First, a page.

Can Dividend ETFs Maintain Their Winning Ways?
January 4th 2012 at 2:16pm by Tom Lydon
Dividend exchange traded funds in the U.S. large cap category managed to beat the S&P 500 in 2011 while raking in plenty of cash as investors hungry for income looked far and wide for alternatives to bond funds.
Market volatility doesn’t seem to be going away anytime soon as Europe’s debt crisis continues to rage. A desire for conservative approaches to investing in stocks and paltry bond yields mean investors could continue to favor dividend-themed ETFs in 2012. [ETF Chart of the Day: U.S. Large Caps]
“In this yield-starved environment, this is the new fixed-income,” Hank Smith, chief investment officer at Haverford Investments, said in a WSJ.com report. Regarding the 10-highest dividend-paying stocks of 2011, “there’s not a dog in there,” Smith added. “If we stay in a very low-interest rate environment, the strategy absolutely has another winning year ahead.” [ETF Chart of the Day: Dividend ETFs]
Two ETFs that are positioned to start the new year strong are iShares Dow Jones Select Dividend index (NYSEArca: DVY) and SPDR S&P Dividend ETF (NYSEArca: SDY). They are among the largest dividend ETFs along with Vanguard Dividend Appreciation ETF (NYSEArca: VIG). Don Dion for The Street reports that they have both outpaced broad based funds such as the SPDR S&P 500 (NYSEArca: SPY).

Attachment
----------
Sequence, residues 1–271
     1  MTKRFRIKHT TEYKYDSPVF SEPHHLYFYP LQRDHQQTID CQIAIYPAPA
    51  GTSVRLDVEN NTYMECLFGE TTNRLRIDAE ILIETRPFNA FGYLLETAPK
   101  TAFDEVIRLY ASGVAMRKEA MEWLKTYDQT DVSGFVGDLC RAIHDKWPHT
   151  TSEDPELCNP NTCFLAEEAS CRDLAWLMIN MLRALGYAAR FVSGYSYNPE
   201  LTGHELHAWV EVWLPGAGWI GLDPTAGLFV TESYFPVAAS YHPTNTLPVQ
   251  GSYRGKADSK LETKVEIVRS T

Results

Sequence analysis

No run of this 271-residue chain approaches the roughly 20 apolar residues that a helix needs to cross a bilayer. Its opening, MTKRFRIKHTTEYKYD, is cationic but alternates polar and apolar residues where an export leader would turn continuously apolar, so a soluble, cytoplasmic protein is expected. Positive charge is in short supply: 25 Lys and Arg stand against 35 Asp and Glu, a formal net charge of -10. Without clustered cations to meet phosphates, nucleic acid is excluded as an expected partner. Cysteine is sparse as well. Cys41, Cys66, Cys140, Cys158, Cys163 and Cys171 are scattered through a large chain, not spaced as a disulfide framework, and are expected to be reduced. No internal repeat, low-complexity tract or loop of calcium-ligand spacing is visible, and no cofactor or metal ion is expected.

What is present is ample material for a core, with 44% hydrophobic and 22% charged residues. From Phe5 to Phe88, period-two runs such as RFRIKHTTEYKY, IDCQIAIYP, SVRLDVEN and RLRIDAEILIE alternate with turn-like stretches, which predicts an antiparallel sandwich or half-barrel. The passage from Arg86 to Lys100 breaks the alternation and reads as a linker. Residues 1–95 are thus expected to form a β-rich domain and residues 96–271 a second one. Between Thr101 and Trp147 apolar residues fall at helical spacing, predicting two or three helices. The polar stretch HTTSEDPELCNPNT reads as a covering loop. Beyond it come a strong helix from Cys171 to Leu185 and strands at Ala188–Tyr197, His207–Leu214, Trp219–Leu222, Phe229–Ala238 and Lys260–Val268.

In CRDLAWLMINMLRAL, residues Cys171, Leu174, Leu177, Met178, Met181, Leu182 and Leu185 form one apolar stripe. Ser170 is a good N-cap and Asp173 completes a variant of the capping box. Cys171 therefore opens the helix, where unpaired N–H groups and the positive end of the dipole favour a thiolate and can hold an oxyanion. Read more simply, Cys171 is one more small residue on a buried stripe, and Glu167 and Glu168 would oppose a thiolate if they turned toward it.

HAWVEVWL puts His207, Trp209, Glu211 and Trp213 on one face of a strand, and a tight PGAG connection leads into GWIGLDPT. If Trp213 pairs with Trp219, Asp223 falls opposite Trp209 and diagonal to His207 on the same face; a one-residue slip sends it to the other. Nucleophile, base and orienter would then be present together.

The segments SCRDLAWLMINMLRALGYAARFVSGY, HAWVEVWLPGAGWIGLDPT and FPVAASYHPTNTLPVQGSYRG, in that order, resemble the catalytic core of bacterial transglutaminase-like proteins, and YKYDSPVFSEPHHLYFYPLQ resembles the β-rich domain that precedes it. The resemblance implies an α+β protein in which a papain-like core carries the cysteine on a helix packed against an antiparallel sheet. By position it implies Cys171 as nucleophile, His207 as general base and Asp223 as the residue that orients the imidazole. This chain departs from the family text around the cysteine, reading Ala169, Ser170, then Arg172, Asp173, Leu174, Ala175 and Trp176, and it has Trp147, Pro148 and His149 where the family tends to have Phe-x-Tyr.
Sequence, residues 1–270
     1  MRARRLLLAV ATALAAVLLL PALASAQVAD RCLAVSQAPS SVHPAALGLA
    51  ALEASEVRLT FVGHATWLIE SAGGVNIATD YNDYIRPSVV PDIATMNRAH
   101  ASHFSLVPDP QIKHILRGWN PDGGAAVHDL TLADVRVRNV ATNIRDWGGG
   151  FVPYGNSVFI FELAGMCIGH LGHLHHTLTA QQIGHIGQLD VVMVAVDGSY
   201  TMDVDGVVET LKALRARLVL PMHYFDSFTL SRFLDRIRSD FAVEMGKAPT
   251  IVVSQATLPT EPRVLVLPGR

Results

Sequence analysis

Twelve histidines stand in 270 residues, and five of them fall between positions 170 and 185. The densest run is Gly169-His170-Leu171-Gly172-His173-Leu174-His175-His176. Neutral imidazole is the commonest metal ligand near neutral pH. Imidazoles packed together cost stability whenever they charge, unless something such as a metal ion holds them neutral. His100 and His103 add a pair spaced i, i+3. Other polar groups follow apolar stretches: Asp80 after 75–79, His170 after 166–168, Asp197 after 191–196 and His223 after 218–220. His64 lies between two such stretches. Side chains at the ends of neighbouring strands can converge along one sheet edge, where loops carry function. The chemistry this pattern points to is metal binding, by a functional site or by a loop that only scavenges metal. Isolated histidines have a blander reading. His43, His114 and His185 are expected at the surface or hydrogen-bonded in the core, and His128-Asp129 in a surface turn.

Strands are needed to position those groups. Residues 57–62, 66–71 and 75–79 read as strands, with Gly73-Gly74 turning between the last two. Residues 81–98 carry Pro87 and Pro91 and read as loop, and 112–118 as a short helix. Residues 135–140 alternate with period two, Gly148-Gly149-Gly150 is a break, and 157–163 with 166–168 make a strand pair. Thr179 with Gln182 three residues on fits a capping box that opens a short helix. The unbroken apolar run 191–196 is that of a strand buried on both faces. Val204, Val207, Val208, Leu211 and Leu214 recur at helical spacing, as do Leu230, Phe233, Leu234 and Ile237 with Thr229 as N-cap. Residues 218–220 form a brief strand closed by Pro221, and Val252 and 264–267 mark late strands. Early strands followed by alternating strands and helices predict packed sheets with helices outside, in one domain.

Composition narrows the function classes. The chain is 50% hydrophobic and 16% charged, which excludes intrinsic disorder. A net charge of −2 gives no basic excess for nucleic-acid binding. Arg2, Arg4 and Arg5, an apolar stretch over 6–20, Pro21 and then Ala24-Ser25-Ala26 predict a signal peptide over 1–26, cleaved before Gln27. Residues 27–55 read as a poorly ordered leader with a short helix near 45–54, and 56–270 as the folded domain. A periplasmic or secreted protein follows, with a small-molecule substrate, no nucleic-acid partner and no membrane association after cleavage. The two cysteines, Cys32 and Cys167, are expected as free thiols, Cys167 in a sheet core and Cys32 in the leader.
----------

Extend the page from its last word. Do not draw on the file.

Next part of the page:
Another dividend ETF to keep an eye on is the iShares Dow Jones High Yield Equity Fund (NYSEArca: HDV,) which has gained about 7% over the past six months, reports Dion. Last year, HDV outperformed both DVY and SDY. [Dividend ETFs Under the Microscope]
HDV is different from both SDY and DVY in that it tilts to mega cap stocks. [Choosing the Right Dividend ETF]
As the new year begins, factors that are in favor of dividend-focused ETFs include ongoing market volatility, short-term interest rates that are hovering around zero and the constant threat of the Eurozone debt crisis that is nowhere near resolution. Investors may choose to invest in dividend funds to boost returns and acquire an income stream higher than 10-year Treasury yields.
“Another one of those [risk] themes that kind of falls into this: low volatility and income actually sit side-by-side, but income was one of the huge drivers in ETF new product launch success and general flows overall. Dividend-themed income funds, low volatility funds which kick off a nice income stream. Also, dividend-themed income funds that move beyond just U.S. large-cap dividends, but also international. Huge growth drivers in that area, lots of interest going on in 2011,” Scott Burns at Morningstar wrote in a recent article. “Investors–especially ETF investors–clearly are looking for income.”
SPDR S&P Dividend ETF
Tisha Guerrero contributed to this article.
The opinions and forecasts expressed herein are solely those of Tom Lydon, and may not actually come to pass. Information on this site should not be used or construed as an offer to sell, a solicitation of an offer to buy, or a recommendation for any product.